Another solution that’s gaining traction in the sector is e-Learning. e-Learning can either be extremely cost-effective or extraordinarily expensive depending on how it’s implemented and/or embedded within the security business. It’s true to say that taking ‘old’ and potentially uninspiring content and simply making it available online isn’t likely to engage the workforce and may indeed be counter-productive if the intention within the business is to develop a true learning culture.
Significant investment required
The investment required for security training is significant. While arguments may be made for and against delivering training in excess of contractual requirements, discussions should always be balanced against the costs of no training being provided at all.
Refresher training on certain core topics may be a legal obligation for security providers, specifically in relation to Health and Safety at work, but training in other areas should also be considered. This might include additional conflict management instruction, risk assessment or even physical intervention training if this is identified as being required by an appropriate review.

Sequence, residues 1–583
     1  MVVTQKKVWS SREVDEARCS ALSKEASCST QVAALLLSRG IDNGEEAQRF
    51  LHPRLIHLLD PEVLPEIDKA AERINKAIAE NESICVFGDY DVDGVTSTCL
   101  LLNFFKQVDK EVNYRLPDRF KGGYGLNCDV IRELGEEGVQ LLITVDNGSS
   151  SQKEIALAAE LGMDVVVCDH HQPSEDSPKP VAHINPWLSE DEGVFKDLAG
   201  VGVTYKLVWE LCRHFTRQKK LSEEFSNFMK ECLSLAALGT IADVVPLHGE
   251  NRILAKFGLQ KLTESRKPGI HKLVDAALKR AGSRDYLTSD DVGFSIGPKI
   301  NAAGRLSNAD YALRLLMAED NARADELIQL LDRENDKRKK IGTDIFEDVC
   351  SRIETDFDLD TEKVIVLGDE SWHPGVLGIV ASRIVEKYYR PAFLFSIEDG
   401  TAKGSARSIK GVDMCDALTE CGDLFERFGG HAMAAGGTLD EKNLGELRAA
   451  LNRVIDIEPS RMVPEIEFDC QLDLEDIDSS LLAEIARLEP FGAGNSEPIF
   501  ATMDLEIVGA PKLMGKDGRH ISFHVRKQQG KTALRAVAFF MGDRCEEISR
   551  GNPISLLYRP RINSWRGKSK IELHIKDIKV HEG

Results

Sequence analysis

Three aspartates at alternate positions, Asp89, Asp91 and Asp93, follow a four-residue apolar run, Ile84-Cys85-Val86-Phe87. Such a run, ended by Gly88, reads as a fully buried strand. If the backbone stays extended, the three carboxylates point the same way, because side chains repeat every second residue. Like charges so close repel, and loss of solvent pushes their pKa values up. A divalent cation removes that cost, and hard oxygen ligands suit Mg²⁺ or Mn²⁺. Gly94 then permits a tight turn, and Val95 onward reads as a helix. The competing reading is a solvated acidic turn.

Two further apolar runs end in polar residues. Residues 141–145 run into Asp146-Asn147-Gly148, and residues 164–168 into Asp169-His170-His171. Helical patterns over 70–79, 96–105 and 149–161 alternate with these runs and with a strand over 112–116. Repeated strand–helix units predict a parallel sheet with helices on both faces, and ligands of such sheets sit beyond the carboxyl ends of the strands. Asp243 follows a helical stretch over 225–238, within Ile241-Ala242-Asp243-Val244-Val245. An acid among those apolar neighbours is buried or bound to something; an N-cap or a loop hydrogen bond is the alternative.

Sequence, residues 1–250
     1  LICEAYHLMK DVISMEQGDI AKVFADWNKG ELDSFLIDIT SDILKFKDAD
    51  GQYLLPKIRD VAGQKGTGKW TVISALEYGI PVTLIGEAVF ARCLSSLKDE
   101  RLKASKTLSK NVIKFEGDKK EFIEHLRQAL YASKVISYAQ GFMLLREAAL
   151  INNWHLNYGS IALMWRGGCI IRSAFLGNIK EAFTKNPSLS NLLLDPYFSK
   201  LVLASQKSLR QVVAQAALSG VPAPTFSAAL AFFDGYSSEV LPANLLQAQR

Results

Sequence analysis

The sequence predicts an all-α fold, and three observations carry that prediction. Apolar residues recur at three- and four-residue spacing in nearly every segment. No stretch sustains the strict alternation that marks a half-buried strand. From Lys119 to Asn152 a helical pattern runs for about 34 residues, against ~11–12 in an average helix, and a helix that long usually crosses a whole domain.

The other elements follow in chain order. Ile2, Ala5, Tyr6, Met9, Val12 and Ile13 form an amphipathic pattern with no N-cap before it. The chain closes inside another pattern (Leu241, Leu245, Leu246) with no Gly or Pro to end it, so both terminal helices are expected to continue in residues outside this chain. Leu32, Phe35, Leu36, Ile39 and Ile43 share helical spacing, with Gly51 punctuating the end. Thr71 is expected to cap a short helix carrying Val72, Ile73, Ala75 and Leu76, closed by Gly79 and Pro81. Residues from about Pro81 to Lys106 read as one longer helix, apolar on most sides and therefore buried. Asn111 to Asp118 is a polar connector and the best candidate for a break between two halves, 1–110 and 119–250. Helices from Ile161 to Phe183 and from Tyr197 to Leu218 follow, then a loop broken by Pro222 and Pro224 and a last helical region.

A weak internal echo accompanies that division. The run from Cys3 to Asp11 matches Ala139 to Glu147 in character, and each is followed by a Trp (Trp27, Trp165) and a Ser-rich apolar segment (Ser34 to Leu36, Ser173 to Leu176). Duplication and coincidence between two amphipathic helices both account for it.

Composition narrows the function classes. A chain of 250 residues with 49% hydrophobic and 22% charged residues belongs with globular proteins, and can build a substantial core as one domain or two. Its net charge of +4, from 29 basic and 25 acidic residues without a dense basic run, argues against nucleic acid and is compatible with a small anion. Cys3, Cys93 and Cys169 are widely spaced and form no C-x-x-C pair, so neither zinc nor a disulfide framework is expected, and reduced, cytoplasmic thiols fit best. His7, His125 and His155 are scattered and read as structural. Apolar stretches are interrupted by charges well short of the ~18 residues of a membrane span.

In this respect, effective training is clearly a cost-efficient risk mitigation strategy. Further, if the security business sector is perceived – rightly or wrongly – as providing personnel that lack the appropriate knowledge and skills to do their job properly then the harm that could be done due to lack of instruction is undeniable. Clients would refuse to see the value of security guarding services, downward pressure on margins would increase, the industry would fail to attract and retain talent and the progress the sector has made towards ‘professionalisation’ would ultimately be rendered useless.
Fortunately, such pessimistic views are being countered by our nature as a service industry. We’re privy to positive change being driven by the needs and expectations of our client base.